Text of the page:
One of The Most Wonderful Gifts You Can Give Your Child

One of The Most Wonderful Gifts You Can Give Your Child

One of the best gifts you can give your child this Holiday Season can’t be found at a store.

You can’t wrap it up, and they won’t be asking for it.  But they need it more than anything, and it doesn’t cost a dime.

A child needs encouragement like a plant needs water. – Rudolf Dreikurs

Think of someone in your life who was encouraging.  What did they do?  What did they say?  How did they see you?

When I ask this question in parenting classes, the responses look something like this:

  • they noticed my strengths
  • they spent time with me
  • they believed in me
  • they loved me unconditionally
  • they helped me learn new skills
  • they really listened to me

And yet, when our kids are messing up or misbehaving, it’s so easy to slip into responses that are just the opposite of encouraging:

  • “What’s wrong with you?  How could forget your homework again?!”
  • “I have told you a thousand times!”
  • “You are so mean to your sister!”
  • “Why are you so difficult?”

As Dr. Jane Nelsen of “Positive Discipline” says, “Where did we get the crazy idea that in order to make kids do well, we have to first make them feel bad?”

The opposite is true:  “Kids do better when they feel better.”

When kids feel connected, respected, empowered, encouraged, and safe, they do better.  We all do.

encouragement positive discipline

So here are three wonderful ways to give the gift of encouragement to your kids this holiday season:

1.Descriptive Encouragement:   “I noticed . . .

. . . you got dressed all by yourself.”

. . . you took out the garbage without being asked.”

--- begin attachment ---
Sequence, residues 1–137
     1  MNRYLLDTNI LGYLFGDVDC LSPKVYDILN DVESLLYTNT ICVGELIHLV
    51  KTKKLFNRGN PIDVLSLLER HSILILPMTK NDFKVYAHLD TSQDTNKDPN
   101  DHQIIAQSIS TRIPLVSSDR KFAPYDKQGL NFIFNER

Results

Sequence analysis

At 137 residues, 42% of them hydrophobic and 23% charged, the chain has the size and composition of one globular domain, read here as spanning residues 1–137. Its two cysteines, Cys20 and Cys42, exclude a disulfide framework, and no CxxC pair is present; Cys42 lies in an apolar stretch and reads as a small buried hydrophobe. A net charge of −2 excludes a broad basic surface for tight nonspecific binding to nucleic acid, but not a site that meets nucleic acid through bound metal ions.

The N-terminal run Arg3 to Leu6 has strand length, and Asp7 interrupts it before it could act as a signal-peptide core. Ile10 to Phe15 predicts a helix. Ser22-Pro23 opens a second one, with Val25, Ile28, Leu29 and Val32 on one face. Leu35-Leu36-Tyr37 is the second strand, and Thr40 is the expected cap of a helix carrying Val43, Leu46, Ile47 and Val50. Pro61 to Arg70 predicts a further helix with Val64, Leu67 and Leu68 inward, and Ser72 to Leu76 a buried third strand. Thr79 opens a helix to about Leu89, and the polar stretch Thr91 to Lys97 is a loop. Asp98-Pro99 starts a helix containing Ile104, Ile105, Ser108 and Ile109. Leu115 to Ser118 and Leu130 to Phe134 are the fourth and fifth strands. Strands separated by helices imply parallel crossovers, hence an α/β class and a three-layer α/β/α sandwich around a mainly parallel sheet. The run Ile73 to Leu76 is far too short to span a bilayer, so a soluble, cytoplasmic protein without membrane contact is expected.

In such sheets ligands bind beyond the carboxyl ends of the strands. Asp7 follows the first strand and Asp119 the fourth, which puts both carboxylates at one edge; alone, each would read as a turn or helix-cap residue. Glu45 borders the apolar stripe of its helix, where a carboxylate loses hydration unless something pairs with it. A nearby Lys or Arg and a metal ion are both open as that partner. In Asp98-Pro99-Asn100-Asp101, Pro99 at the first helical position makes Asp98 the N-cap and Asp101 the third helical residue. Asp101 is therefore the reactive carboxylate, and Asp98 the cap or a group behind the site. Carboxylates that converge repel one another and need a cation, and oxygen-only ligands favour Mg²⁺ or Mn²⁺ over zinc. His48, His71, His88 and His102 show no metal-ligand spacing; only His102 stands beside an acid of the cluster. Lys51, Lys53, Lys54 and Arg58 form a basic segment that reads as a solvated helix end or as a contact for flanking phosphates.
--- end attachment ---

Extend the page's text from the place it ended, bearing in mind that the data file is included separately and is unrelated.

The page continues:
. . . you stuck with it even though your homework was hard tonight.”

2. Appreciative Encouragement:  “I appreciate . . . or Thank you for . . .

. . . clearing the table.”

. . . offering to share your cookie with me.”

. . . following through with our agreement about screen time.”

3. Empowering Encouragement:  “I trust / I believe / I have faith . . .

. . . that you can fall asleep tonight all by yourself.”

. . . that you can figure out a solution to this problem.”

. . . that you will make a good decision.”

Unlike praise, you can give encouragement any time at all, even when your child is failing, and that is often when they need it most.

Encouragement is the gift that keeps on giving.

In what moments can you extend encouragement to your child today?


The concepts and tools presented in this article are from “Teaching Parenting the Positive Discipline Way” by Jane Nelsen and Lynn Lott and co-authors.

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Marcilie Smith Boyle, MBA, CPCC is a Life, Leadership, and Parenting Coach who helps high-achieving, working parents find authentic success in their personal and professional lives. She offers 1:1 and group coaching (live or via phone/Skype) on topics such as parenting, work/life balance, career transition, and leadership as well as Parenting with Positive Discipline classes and speaking engagements in the San Francisco Bay Area. 

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